Why Does Google Hate Link Manipulation?

Mar 21, 2008 • 8:33 am | comments (7) by twitter Google+ | Filed Under Google Search Engine Optimization
 

Anyone who knows the Google Web Spam team well, knows that they all have a huge distaste for link manipulation. In my opinion, it is more than just a distance for some of the web spam team members, specifically Matt Cutts.

Matt Cutts, a great guy, Google engineer since January 2000, has a strong, deep, gut wrenching distaste for link manipulation, in my opinion. Where do I get this opinion from? I don't think from our conversations but from watching Matt write and communicate with webmasters on link issues since early 2003.

Let me pull out one recent post by Matt Cutts that demonstrates it. A Sphinn thread, Matt writes:

Todd, what about a query like [symptoms of a heart attack]? The searcher wants accurate results ASAP, and might not have enough time or patience to research the subject thoroughly. We think about searches like this and issues like this all the time, which is why Google may come across as humorless when we talk about some linking issues.

I thought Eric made a pretty compelling argument. When you search, you don't want a search engine that is "fooled" by lower-quality links. And if you're trying to compete for search rankings fairly, you don't want a site that takes short cuts to do better than your site. That's why it's so helpful to have great content first and foremost and then promote that content well as opposed to just building links to low-quality content.

Just read that. Do people search for such things? I would think so. I don't think heart attacks are sudden always and I hear many people get them without knowing, they just feel discomfort. So Matt takes this stuff beyond seriously, but sometimes, I feel, personally. Imagine, spending eight plus years working at a company to build out a search experience that provides as much help to the searcher as possible. Now, imagine you have people come in and try to manipulate that? In my opinion, it would take a strong man to not take that somewhat personally. Of course, Googlers can't take it personally, but in some cases - it can be hard not to.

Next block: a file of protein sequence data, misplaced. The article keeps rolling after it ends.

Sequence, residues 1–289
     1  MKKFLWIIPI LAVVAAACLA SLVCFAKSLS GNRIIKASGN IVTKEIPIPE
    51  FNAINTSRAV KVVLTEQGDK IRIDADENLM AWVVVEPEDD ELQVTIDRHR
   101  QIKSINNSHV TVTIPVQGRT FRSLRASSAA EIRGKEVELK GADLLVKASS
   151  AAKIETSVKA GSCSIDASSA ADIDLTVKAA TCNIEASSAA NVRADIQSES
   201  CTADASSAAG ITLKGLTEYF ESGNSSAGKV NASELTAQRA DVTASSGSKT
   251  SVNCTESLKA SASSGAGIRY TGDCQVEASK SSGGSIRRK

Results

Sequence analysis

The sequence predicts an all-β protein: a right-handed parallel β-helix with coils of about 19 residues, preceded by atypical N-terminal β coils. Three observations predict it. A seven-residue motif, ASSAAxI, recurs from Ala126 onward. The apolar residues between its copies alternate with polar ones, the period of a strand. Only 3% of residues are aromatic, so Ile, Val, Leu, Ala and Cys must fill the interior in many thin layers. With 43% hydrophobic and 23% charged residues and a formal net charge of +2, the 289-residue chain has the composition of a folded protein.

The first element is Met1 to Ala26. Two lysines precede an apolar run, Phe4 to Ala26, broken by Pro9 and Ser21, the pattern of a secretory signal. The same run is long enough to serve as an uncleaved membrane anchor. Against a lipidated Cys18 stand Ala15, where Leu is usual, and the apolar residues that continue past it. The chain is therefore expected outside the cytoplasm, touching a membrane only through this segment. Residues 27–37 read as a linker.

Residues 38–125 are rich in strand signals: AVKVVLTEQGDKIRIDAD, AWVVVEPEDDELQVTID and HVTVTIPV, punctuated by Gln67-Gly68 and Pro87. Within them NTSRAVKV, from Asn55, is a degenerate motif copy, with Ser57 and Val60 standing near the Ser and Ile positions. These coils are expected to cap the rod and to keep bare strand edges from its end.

Forum discussion at Sphinn.

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Comments:

koki

03/21/2008 02:47 pm

I am 100% with Google. Search has a function and it a service to inform people. The heart attack is a perfect example. Folks that want a quick buck and intentionally force their irrelevant URLs deserve no respect, no backlinks, no rankings...

Michael Martinez

03/21/2008 06:05 pm

Google would do a better job if it stopped allowing links to pass value. After all, relevance is not determined by who links to whom. Google needs to stop investing resources in trying to make a bogus concept work.

Terry Van Horne

03/22/2008 05:02 pm

Goole's problem seems to be that they are so enamored by the "algo that changed the web" that they won't except the flaw in it is that they didn't anticipate that people would buy links to manipulate the algo. They also diminish the effectiveness of the algo with each new fix as that changes the natural linking of sites because webmasters are accessing the impact on search rankings rather than users and natural citations. Each "fix" like rel="MoreBStoCome" just exacerbates the problem.

Chris Baldwin

03/24/2008 04:22 pm

Search engines like Google need a better way to grade links. A possible solution would be to devalue all newly created links until they are proven worthy by the quality of the site they are on or the traffic they send (or other). So "all links are neutral until proven valid" principle.

Zak Nicola

03/31/2008 09:47 pm

What about PR sculpting? I still have yet to come across anything from Google saying they are pro or con to it.

Robert Hedges

06/17/2008 07:31 pm

"Todd, what about a query like [symptoms of a heart attack]?".... from your own archives. This was exactly the point of my last comment submission ....manipulating search results using link farms (toward health consciousness and awareness). When you are over retirement age the urgency rises exponentially for those of us who don't have the luxury of denial. robert

steveq

02/15/2010 05:59 am

I'm sort of with Google on this but also, if someone is going to go through so much trouble to get their links out there, I think they deserve better placement.

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